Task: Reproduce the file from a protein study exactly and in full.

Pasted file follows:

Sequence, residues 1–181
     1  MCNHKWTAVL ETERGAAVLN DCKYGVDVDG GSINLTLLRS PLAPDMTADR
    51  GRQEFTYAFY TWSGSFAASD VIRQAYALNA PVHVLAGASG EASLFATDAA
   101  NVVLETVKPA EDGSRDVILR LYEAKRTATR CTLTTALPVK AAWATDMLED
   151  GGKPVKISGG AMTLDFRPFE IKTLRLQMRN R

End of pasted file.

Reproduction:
Sequence, residues 1–181
     1  MCNHKWTAVL ETERGAAVLN DCKYGVDVDG GSINLTLLRS PLAPDMTADR
    51  GRQEFTYAFY TWSGSFAASD VIRQAYALNA PVHVLAGASG EASLFATDAA
   101  NVVLETVKPA EDGSRDVILR LYEAKRTATR CTLTTALPVK AAWATDMLED
   151  GGKPVKISGG AMTLDFRPFE IKTLRLQMRN R